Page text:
Meanwhile, there are allegations that some Instacart workers collected earnings that translate to as low as $1 per hour. Such a stipend falls short of requirements entrenched in pay laws recognized by the State of California, as well as potential violations of overtime pay laws.
This past January – about a year before the proposed settlement is due to be finalized – the Los Angeles Times (01/27/17) profiled Apoorva Mehta, a Canadian and alma mater of the University of Waterloo who spent his immediate post-graduate years working for tech companies such as Blackberry and Qualcomm before moving stateside, landing in Seattle and beginning a stint as a supply chain engineer at Amazon.com, where he was responsible for developing fulfillment systems.
Mehta would eventually move on to trying his hand at various start-ups. He told the Los Angeles Times that his first 20 attempts failed to take hold. Instacart was Idea No. 21 that finally gained traction, aimed as it was at busy and tech-savvy professionals who would benefit from an on-demand grocery shopping platform. Orders would be placed through an app in much the same way as a commuter would hail a ride through Uber or Lyft, with either employees or independent contractors serving as ‘shoppers’ filling the orders and delivering them to the customer.
Based in San Francisco, Instacart was targeted by a class action lawsuit in 2015 brought, the Los Angeles Times reports, by workers who alleged they were misclassified as independent contractors, rather than employees – and thus were missing out on requisite rates of pay and overtime pay (Cobarruviaz et al. v. Maplebear, Inc. d/b/a Instacart, Case No. 3:15-cv-00697EMC, filed on January 9, 2015 and removed from the Superior Court for the County of San Francisco on February 13, 2015).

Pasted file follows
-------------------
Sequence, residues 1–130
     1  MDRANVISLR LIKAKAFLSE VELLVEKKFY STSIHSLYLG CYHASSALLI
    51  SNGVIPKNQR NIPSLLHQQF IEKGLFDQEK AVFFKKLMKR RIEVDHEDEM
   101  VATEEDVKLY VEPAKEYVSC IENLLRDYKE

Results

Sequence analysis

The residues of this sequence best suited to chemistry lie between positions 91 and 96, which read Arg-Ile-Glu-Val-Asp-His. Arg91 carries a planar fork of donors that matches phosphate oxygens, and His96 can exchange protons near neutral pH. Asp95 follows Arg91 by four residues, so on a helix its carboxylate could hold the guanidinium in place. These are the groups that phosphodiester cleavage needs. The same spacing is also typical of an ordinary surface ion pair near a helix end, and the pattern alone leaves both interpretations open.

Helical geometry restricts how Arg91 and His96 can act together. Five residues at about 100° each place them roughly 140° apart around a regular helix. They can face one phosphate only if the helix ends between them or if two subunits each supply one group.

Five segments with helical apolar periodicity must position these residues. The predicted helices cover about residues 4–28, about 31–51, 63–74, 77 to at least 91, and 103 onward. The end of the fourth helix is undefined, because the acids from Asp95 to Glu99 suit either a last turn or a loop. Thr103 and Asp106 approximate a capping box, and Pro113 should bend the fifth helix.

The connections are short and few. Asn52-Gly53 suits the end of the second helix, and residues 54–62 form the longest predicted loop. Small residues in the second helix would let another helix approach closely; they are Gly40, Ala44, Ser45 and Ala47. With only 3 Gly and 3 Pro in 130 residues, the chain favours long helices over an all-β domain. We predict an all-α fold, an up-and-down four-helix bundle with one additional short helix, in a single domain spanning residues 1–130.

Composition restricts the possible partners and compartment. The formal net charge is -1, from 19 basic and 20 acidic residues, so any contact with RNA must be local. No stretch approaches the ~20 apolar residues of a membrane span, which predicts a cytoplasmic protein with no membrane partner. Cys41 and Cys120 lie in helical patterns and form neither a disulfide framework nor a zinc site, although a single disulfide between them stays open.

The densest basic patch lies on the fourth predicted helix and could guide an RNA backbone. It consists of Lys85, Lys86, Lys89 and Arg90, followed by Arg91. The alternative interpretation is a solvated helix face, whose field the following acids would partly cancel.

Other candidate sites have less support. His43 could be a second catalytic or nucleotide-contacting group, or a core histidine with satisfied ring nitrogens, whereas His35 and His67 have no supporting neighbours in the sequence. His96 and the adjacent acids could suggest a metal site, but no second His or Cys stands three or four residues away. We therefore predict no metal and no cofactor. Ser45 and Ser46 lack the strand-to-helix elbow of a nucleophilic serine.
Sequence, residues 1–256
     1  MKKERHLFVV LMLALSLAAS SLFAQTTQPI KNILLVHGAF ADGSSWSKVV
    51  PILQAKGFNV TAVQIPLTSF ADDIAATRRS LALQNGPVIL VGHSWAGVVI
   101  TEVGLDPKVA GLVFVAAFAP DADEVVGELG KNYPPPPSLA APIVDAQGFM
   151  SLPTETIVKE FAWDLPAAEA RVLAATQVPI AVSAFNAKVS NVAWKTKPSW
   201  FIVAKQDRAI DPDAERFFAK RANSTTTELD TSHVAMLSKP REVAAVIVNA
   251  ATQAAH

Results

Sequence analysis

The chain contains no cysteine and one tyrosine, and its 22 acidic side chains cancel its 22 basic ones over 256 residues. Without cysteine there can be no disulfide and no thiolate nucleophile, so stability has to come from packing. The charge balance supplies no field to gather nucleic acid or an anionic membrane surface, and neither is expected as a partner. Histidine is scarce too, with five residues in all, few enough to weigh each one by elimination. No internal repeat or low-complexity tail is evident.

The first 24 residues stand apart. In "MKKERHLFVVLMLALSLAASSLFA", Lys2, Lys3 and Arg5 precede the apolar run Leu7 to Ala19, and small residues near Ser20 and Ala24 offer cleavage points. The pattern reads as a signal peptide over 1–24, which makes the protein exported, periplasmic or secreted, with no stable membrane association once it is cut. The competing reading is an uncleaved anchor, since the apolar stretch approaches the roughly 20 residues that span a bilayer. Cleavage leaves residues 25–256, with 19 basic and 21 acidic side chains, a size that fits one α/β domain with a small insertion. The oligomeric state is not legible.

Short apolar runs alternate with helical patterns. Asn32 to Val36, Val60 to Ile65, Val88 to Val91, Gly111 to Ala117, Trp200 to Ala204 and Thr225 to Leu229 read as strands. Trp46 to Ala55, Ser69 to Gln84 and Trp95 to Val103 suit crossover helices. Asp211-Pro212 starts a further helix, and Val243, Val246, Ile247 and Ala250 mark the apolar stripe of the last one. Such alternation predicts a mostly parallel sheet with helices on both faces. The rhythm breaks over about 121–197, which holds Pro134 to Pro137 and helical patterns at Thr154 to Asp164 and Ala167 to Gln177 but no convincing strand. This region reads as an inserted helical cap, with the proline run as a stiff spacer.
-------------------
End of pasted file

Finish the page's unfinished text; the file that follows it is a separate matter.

The Los Angeles Times reports that Instacart eventually made its ‘shoppers’ part-time employees, with some qualifying for benefits such as health insurance. Today, according to the Los Angeles Times, the startup has 300 full-time employees and a posse of part-time shoppers that number into the tens of thousands.
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Instacart has so far faced three class action lawsuits in its young history. The most recent lawsuit prior to the 2017 filing was Husting et al. v. Maplebear, Inc. d/b/a
Instacart, Case No. 3:16-cv-06921-EMC filed on December 1, 2016 in California.